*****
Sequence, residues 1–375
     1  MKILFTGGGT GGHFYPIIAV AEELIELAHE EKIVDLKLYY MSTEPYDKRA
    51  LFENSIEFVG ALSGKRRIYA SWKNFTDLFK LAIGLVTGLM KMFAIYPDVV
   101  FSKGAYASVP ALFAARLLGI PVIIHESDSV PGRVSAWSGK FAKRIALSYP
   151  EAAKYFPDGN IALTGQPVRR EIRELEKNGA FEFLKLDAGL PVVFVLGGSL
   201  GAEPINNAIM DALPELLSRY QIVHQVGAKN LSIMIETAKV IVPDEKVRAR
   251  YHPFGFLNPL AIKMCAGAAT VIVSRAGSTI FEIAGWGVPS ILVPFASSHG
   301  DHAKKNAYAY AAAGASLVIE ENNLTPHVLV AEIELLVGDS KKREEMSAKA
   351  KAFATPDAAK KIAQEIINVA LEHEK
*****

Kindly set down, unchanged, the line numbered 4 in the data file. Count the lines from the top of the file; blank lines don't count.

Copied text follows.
   101  FSKGAYASVP ALFAARLLGI PVIIHESDSV PGRVSAWSGK FAKRIALSYP